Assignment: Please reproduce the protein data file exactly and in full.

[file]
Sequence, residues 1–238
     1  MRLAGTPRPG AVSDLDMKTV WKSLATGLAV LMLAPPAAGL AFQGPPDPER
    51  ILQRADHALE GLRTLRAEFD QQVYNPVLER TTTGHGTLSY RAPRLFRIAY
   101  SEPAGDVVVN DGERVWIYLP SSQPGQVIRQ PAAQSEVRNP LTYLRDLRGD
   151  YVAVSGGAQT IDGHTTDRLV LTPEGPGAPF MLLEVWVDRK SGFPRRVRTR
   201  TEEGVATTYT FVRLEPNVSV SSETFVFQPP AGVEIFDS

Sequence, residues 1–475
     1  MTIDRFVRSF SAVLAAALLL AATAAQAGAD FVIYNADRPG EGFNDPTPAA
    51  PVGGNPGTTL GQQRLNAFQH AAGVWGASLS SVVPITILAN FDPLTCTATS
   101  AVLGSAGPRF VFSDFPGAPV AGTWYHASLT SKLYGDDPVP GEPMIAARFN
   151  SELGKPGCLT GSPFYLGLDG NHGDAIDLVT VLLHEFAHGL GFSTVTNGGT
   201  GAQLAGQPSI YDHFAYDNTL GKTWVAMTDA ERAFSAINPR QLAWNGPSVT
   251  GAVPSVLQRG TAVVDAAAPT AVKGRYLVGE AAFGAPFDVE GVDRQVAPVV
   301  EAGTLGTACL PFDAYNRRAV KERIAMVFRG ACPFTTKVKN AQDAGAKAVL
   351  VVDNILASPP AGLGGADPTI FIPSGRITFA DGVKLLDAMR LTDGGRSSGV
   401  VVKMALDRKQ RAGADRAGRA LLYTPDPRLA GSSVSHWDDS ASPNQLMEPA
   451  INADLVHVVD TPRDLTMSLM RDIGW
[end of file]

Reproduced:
Sequence, residues 1–238
     1  MRLAGTPRPG AVSDLDMKTV WKSLATGLAV LMLAPPAAGL AFQGPPDPER
    51  ILQRADHALE GLRTLRAEFD QQVYNPVLER TTTGHGTLSY RAPRLFRIAY
   101  SEPAGDVVVN DGERVWIYLP SSQPGQVIRQ PAAQSEVRNP LTYLRDLRGD
   151  YVAVSGGAQT IDGHTTDRLV LTPEGPGAPF MLLEVWVDRK SGFPRRVRTR
   201  TEEGVATTYT FVRLEPNVSV SSETFVFQPP AGVEIFDS

Sequence, residues 1–475
     1  MTIDRFVRSF SAVLAAALLL AATAAQAGAD FVIYNADRPG EGFNDPTPAA
    51  PVGGNPGTTL GQQRLNAFQH AAGVWGASLS SVVPITILAN FDPLTCTATS
   101  AVLGSAGPRF VFSDFPGAPV AGTWYHASLT SKLYGDDPVP GEPMIAARFN
   151  SELGKPGCLT GSPFYLGLDG NHGDAIDLVT VLLHEFAHGL GFSTVTNGGT
   201  GAQLAGQPSI YDHFAYDNTL GKTWVAMTDA ERAFSAINPR QLAWNGPSVT
   251  GAVPSVLQRG TAVVDAAAPT AVKGRYLVGE AAFGAPFDVE GVDRQVAPVV
   301  EAGTLGTACL PFDAYNRRAV KERIAMVFRG ACPFTTKVKN AQDAGAKAVL
   351  VVDNILASPP AGLGGADPTI FIPSGRITFA DGVKLLDAMR LTDGGRSSGV
   401  VVKMALDRKQ RAGADRAGRA LLYTPDPRLA GSSVSHWDDS ASPNQLMEPA
   451  INADLVHVVD TPRDLTMSLM RDIGW